World Rugby champions, South Africa, are now committed to the Rugby Championship until 2030.
Due to the COVID-19 pandemic, the Springboks had to withdraw from the 2020 tournament, emphasizing fears over player welfare.
South Africa may likely join the Six Nations in 2024 after the next World Cup, but welcomes plan to restructure the tournament. Part of the restructuring will have New Zealand, Australia and Argentina as part of the competing countries.
The South African Rugby chief executive, Jurie Roux said the body is looking forward to seeing the new strategic plan for the competition.
Having such countries will make the tournament to have international flair.
According to reports, all South Africa, New Zealand, Australia and Argentina Rugby want is that the home-and-away format is replaced with a “mini-tour” schedule.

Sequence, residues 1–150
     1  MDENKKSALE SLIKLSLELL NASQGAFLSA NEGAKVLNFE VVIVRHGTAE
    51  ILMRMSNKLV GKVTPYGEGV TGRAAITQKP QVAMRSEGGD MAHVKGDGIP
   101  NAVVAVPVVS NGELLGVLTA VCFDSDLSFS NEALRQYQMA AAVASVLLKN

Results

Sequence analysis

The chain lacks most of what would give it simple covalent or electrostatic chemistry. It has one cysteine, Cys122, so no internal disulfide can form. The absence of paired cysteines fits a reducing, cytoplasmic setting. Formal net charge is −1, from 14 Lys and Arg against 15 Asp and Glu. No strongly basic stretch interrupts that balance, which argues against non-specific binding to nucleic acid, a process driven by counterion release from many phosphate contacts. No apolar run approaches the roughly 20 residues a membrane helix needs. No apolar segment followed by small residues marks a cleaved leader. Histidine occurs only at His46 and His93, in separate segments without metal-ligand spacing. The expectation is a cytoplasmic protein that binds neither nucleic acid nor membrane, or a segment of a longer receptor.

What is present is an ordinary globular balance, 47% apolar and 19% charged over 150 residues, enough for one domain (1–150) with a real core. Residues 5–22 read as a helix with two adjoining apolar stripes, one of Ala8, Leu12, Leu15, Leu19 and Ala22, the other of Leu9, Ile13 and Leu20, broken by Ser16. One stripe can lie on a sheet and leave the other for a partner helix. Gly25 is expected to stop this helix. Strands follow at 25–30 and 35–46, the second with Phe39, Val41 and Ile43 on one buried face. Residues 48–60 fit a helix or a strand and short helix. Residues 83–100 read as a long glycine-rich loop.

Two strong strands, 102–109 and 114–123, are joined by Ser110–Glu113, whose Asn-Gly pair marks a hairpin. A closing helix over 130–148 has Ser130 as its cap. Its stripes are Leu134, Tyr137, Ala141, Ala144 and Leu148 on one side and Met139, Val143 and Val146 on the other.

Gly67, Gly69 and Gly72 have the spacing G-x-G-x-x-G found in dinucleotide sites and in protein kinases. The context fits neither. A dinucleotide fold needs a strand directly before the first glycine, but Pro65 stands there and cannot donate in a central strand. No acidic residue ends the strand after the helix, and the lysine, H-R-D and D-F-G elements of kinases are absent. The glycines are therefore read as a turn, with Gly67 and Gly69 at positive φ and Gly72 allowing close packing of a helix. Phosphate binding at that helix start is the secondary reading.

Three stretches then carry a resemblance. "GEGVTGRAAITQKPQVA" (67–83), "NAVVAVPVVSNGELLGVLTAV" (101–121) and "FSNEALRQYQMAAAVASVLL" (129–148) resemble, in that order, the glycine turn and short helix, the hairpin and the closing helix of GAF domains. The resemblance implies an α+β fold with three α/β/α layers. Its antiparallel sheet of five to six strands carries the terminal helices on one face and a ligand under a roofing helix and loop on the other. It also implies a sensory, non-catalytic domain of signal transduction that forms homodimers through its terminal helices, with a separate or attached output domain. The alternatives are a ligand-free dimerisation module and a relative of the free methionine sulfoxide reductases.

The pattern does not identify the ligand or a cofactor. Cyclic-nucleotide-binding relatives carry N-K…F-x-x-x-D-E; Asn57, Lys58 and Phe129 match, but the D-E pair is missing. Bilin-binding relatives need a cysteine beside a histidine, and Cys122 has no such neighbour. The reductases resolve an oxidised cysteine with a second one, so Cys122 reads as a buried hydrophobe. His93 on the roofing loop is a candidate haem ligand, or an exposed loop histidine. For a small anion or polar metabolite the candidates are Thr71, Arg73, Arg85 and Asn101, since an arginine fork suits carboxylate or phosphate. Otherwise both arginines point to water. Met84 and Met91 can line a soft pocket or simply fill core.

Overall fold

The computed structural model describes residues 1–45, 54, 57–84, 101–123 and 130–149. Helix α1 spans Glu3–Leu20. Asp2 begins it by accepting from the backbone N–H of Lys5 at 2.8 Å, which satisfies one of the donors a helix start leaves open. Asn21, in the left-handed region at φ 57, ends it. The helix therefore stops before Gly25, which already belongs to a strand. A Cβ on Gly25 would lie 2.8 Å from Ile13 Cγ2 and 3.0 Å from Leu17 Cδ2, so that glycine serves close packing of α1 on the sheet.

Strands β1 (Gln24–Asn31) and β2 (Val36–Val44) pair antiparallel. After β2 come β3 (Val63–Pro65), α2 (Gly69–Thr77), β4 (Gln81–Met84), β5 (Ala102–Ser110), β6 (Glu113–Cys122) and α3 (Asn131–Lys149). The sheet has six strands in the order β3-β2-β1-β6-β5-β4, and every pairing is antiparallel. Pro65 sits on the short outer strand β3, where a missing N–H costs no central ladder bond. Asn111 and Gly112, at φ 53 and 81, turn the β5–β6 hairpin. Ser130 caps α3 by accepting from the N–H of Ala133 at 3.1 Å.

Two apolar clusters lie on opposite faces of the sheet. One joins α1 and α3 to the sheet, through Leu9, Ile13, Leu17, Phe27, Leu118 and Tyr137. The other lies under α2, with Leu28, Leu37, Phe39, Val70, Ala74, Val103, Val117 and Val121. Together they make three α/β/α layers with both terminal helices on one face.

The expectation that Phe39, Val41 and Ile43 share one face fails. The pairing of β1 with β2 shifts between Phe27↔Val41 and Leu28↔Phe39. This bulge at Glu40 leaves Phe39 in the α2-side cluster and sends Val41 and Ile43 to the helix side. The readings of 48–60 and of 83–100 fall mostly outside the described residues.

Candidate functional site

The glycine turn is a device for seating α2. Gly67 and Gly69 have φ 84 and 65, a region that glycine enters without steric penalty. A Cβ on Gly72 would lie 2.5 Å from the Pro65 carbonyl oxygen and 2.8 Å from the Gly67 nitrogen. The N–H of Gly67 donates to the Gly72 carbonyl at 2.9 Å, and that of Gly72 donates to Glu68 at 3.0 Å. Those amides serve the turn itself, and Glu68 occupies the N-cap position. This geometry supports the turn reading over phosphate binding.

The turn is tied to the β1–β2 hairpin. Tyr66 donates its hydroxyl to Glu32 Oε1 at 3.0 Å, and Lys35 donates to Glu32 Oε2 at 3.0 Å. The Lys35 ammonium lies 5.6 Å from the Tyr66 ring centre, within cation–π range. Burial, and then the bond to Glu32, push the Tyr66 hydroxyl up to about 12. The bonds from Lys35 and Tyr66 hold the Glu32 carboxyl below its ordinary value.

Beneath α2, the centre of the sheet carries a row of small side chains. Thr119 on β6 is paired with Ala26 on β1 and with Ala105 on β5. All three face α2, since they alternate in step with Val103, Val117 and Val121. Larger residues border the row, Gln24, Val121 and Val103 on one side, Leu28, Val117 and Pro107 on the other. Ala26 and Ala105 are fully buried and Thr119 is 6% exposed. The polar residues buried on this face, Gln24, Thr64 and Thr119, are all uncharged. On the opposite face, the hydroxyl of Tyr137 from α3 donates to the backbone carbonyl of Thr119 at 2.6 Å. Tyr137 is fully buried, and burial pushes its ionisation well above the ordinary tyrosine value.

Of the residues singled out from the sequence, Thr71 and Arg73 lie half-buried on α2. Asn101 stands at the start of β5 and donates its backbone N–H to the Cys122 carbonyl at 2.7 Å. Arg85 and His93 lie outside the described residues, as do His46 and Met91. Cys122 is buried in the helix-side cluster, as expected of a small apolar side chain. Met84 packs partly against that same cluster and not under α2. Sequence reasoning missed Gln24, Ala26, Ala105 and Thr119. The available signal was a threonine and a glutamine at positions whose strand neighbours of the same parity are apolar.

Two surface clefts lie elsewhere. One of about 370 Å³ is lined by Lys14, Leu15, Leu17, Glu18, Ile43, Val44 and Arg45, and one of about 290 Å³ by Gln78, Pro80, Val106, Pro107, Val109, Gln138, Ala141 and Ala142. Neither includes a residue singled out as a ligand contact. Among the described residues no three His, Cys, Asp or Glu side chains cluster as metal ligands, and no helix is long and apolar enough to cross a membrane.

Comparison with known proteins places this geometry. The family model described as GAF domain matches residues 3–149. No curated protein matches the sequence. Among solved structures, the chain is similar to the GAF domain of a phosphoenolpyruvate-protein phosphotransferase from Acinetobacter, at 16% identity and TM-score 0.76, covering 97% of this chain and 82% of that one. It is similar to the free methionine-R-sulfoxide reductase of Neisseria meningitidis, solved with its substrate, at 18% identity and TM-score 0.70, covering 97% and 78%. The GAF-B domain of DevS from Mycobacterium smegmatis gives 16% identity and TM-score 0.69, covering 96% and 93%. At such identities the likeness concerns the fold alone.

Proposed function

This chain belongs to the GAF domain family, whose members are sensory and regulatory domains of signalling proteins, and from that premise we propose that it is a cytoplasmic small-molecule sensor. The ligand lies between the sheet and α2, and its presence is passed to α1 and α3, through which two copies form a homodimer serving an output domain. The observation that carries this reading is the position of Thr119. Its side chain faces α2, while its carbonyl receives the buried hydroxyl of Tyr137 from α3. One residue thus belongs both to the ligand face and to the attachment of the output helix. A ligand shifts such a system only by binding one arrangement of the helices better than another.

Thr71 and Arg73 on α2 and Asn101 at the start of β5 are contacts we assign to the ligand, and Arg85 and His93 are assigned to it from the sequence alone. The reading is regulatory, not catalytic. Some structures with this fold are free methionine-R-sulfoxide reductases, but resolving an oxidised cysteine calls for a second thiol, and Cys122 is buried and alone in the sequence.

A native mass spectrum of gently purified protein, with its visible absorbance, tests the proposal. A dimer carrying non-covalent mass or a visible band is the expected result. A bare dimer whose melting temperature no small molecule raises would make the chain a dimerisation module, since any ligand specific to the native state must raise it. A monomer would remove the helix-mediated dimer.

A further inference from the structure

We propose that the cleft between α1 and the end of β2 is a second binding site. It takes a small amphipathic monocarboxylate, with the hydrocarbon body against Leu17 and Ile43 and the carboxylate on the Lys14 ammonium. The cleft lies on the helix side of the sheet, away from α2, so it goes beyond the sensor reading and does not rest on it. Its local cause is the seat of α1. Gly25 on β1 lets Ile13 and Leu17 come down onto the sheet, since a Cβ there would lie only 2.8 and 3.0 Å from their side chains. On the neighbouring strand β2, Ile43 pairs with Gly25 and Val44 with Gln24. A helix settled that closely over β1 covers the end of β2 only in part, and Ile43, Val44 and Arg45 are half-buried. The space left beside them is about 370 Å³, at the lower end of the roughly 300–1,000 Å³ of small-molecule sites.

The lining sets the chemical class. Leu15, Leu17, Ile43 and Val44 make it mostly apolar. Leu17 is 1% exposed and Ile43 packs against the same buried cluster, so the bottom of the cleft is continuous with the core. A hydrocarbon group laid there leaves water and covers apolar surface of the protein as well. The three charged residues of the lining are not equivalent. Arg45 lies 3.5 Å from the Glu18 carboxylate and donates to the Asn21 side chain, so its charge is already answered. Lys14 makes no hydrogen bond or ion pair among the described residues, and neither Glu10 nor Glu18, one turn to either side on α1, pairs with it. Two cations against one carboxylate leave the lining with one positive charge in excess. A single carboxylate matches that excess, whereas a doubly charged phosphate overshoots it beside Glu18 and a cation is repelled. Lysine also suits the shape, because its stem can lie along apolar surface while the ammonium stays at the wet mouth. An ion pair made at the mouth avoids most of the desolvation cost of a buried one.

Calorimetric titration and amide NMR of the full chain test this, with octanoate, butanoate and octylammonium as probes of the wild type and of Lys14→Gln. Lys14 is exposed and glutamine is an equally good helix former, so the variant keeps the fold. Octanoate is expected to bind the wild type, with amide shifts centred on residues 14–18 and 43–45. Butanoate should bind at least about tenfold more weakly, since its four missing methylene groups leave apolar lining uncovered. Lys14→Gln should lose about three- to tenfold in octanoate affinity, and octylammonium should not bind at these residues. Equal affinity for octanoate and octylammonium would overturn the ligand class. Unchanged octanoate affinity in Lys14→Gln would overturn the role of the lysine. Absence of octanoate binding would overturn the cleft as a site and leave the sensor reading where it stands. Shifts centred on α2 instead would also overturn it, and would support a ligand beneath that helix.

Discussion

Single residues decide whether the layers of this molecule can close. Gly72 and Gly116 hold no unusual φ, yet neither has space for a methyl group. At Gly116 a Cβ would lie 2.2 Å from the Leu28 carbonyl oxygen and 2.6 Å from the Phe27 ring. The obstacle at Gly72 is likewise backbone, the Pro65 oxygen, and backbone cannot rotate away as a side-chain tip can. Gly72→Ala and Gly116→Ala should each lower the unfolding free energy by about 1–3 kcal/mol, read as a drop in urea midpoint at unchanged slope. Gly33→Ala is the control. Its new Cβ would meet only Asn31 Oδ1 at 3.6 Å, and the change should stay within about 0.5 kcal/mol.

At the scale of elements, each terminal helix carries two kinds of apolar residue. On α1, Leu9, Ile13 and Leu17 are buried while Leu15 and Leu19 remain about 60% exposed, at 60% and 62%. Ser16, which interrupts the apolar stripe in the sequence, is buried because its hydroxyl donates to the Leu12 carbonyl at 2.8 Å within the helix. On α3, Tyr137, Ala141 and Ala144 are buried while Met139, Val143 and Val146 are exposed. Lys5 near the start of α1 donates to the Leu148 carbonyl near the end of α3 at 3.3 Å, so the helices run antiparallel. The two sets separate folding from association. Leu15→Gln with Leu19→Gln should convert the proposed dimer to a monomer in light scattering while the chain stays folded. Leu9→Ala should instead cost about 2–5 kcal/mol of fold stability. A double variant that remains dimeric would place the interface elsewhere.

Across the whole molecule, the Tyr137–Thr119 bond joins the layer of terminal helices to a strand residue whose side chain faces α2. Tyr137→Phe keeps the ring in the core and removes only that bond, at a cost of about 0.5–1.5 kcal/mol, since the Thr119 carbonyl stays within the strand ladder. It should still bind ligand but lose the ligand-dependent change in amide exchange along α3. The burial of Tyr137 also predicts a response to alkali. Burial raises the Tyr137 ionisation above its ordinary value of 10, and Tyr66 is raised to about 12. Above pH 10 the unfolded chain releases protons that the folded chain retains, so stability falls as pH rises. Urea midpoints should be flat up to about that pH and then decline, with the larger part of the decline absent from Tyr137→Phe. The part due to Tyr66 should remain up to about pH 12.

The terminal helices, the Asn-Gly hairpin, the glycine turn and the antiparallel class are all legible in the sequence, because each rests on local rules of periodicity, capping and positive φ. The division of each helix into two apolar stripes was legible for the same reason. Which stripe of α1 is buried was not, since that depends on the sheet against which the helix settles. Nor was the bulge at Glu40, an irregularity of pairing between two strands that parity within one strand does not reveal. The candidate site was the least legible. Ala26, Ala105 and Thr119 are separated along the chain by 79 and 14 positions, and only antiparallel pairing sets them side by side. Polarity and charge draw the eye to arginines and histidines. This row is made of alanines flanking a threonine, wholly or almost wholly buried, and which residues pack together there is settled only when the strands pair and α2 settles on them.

The proposed revised format further shows that a team will host another nation for two matches one year, and then play an away double-header against them the following year.
Sanzaar chief executive Andy Marinos said such is the re-commitment of the four unions for the future of the international game He added that this would bring about a new direction for both organisations over the coming years.
Due to the COVID-19 pandemic, South Africa has not played a single game since winning the Rugby world cup. The pandemic led to the cancellation of the 2020 Rugby season as well. So, the remaining embarked on a Tri-Nations Series, which began on 31 October. New Zealand recently defeated Australia 43-5 in Sydney.
It could be recalled that there have been talks in September by South Africa’s four Super Rugby sides about joining an expanded Pro14.
New Zealand, Australia and South Africa had played their domestic competitions for this year due to COVID-19.
Roux who noted that the country’s domestic focus had to change said there remains a long history with the All Blacks and Wallabies.
He added that since there still exists a long-standing friendship with the Pumas, South African Rugby is looking forward to more world-class Test rugby.